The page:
13. November 17, Los Angeles Times – (California) San Francisco police arrest 100 in Bank of America protest. Protesters in the Occupy Wall Street movement seized a Bank of America branch in San Francisco’s financial district November 16, a demonstration that forced jittery customers and employees to flee and ended in nearly 100 arrests. It took about 40 police officers in riot gear nearly 4 hours to clear the bank, but no one was injured. Police said many of those arrested were University of California (UC), Santa Cruz students who were protesting fee increases and budget cuts. Police removed the protesters methodically, placing them in plastic handcuffs, citing them for misdemeanor trespassing and sending them off in police wagons. The siege began after several hundred protesters gathered for a rally at a plaza near the waterfront and proceeded to march to the civic center. The route was designed to take marchers past buildings where members of the UC Board of Regents have offices. When the crowd reached the Bank of America branch, organizers opened the door and ushered protesters inside. They jumped on desks and banged drums while bank employees huddled behind a counter. After consulting with the police, bank managers tried to reclaim the lobby. Most of the demonstrators left and continued on their march, but about 100 remained, setting up a tent in the lobby and sitting on the floor. Demonstrators outside pinned a group of police officers attempting to enter the building and tried to grab their guns and batons, a San Francisco Police spokesman said. Once inside, the police waited for reinforcements before arresting the protesters. Source:,0,5764736.story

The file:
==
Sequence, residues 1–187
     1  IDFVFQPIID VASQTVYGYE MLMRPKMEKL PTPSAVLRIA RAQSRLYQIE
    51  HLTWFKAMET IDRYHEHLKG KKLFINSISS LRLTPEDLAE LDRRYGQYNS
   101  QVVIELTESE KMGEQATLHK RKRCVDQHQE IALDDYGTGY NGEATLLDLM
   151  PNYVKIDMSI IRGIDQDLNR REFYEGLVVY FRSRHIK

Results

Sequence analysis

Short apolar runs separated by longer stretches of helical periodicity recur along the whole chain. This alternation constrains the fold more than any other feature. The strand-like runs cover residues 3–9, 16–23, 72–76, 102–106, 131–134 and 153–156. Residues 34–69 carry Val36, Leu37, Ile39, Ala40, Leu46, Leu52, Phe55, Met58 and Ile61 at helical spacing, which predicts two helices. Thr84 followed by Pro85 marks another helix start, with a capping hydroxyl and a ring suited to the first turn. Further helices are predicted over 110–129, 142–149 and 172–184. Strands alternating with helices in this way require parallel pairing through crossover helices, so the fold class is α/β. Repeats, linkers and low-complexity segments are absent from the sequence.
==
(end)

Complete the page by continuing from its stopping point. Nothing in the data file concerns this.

14. November 17, – (New York) 'Occupy' protestors march on New York Stock Exchange. The "Occupy Wall Street" movement started anew November 17 with a group of about 1,000 protestors marching on the heart of Manhattan's financial district — 2 days after cops rousted the protestors from their home encampment in Zuccotti Park. The marchers headed from the park to the New York Stock Exchange (NYSE). The New York City Police Department (NYPD) did its best to keep the protestors on the periphery of the plaza in front of the exchange, cordoning off the area with metal barricades, scooters, and parked vans. Only a smattering of officers wore helmeted riot gear. But as soon as one of the many side streets leading to the Exchange was blocked by the NYPD, protestors resumed their march and headed for another entry point. Blocked from access to the plaza, the march surrounded the outskirts. The horde held signs and chanted slogans as it wended in a circular pattern around the NYSE plaza. The NYPD set up a checkpoint where NYSE employees could enter the plaza. Some protestors blocked traffic on a roadway. The NYPD responded by peacefully herding the group back to the sidewalk. The day of action had been planned before the city and park owners cracked down on the encampment in Zuccotti Park in lower Manhattan, but took on added importance to the protesters after tents, tarps and sleeping bags were cleared out November 15, and the granite plaza was cleaned for the first time since the group arrived more than 2 months ago. The group announced it would rally near NYSE, then fan out across Manhattan and head to subways, before gathering downtown and marching over the Brooklyn bridge. Similar protests were planned around the country. Source: